I have previously posted regarding the effect of vitamin D on cognitive disability, autism and other brain disorders. With all of these disorders, there is a clear correlation between sunlight and/or vitamin D deficiency and decreased brain function. Considering that most elderly people are severely vitamin D deficient and that there are vitamin D receptors throughout the brain, it would not be surprising to also find the same correlation with Alzheimer’s, which is a brain disease. An excellent paper by Dr Frederick Dyer makes a case that Alzheimer’s is, at least in part, a vitamin D-deficiency disease.
Dr Dyer makes the point that many diseases or disorders—those that are well-established as correlating to vitamin D deficiency—are themselves risk factors for Alzheimer’s. These include depression, osteoporosis, diabetes, poor cognitive abilities, periodontal disease, dental caries, inflammation, tooth loss, low cognitive performance, poor strength, depression, congestive heart failure, peripheral artery disease, hypertension and arterial plaque. In other words, Alzheimer’s shows a "co-morbidity” with these disorders, meaning that they may have the same underlying causes. Lack of sunlight/vitamin D is likely one of those causes.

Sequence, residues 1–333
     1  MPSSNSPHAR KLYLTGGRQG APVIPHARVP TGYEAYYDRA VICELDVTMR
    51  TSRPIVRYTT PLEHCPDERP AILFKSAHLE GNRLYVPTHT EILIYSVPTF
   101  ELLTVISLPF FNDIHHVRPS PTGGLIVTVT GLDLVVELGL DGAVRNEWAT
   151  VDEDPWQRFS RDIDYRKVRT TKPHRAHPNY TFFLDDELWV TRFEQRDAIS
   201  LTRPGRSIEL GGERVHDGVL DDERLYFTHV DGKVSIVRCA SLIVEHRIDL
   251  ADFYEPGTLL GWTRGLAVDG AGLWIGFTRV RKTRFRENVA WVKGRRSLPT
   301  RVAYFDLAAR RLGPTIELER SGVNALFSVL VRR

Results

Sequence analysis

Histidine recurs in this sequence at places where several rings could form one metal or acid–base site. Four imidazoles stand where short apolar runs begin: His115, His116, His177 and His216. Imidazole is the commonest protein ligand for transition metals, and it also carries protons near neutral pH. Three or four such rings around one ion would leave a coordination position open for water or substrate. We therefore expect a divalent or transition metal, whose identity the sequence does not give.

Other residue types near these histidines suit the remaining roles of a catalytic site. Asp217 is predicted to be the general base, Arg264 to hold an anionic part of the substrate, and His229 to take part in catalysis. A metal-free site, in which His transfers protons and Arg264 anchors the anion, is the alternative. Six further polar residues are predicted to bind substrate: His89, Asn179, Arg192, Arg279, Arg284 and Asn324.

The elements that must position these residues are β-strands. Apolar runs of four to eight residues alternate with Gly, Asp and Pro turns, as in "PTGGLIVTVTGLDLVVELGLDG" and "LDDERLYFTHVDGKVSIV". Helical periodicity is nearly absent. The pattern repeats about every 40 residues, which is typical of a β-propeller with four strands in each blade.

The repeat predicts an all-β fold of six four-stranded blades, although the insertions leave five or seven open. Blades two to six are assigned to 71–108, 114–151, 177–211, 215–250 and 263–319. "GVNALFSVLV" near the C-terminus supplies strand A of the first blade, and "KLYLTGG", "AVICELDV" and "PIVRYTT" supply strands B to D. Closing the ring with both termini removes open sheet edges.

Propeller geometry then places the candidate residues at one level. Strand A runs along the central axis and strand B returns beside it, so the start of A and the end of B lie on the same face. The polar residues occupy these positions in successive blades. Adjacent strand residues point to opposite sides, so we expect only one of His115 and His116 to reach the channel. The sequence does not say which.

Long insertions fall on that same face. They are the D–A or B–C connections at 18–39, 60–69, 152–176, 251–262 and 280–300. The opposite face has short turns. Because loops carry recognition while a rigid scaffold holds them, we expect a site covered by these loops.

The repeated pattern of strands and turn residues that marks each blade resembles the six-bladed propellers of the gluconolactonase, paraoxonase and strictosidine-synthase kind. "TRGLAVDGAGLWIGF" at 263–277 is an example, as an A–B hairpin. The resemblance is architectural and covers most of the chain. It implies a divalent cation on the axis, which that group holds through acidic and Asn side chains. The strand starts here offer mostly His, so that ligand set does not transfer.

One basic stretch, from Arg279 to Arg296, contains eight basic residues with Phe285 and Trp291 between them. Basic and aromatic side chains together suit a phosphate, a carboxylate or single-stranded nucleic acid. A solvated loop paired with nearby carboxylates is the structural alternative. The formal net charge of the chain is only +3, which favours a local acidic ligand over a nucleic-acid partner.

Until we know for sure, it is certainly a great idea to maintain high levels of vitamin D in ourselves and in our aging parents; there is no downside, and it may prevent us from losing our minds.
Another excellent paper on vitamin D and Alzheimer’s will be published soon; I will keep you posted.
 Dyer, F. Deficient Vitamin D in the Pathogenesis of Alzheimer’s Disease. Unpublished manuscript furnished to author December 2008. Used by permission.